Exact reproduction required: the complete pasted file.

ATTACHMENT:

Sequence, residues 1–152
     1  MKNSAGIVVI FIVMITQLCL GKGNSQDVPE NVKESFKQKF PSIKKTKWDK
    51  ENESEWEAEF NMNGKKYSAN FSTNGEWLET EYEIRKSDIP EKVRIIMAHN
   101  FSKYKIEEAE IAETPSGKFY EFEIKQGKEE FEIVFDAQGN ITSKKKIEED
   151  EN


Sequence, residues 1–152
     1  MKNSAGIVVI FIVMITQLCL GKGNSQDVPE NVKESFKQKF PSIKKTKWDK
    51  ENESEWEAEF NMNGKKYSAN FSTNGEWLET EYEIRKSDIP EKVRIIMAHN
   101  FSKYKIEEAE IAETPSGKFY EFEIKQGKEE FEIVFDAQGN ITSKKKIEED
   151  EN